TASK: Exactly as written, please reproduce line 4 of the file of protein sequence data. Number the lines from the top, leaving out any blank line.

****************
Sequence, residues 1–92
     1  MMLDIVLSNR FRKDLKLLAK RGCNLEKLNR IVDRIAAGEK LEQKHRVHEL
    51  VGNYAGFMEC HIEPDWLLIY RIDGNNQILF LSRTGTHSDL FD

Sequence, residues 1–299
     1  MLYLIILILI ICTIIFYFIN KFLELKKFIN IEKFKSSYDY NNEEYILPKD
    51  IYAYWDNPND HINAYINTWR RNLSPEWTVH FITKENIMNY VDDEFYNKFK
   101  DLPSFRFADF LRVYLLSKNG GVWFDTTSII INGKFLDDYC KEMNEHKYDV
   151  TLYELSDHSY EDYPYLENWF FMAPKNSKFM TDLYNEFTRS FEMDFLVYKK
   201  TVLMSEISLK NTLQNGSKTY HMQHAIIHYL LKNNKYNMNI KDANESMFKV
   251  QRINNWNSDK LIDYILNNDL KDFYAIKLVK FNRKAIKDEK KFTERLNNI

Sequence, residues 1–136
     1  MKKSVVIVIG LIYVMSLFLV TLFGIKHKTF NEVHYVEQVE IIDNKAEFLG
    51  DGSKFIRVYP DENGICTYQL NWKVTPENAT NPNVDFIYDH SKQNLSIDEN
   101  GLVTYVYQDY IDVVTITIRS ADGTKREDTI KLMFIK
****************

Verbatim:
Sequence, residues 1–299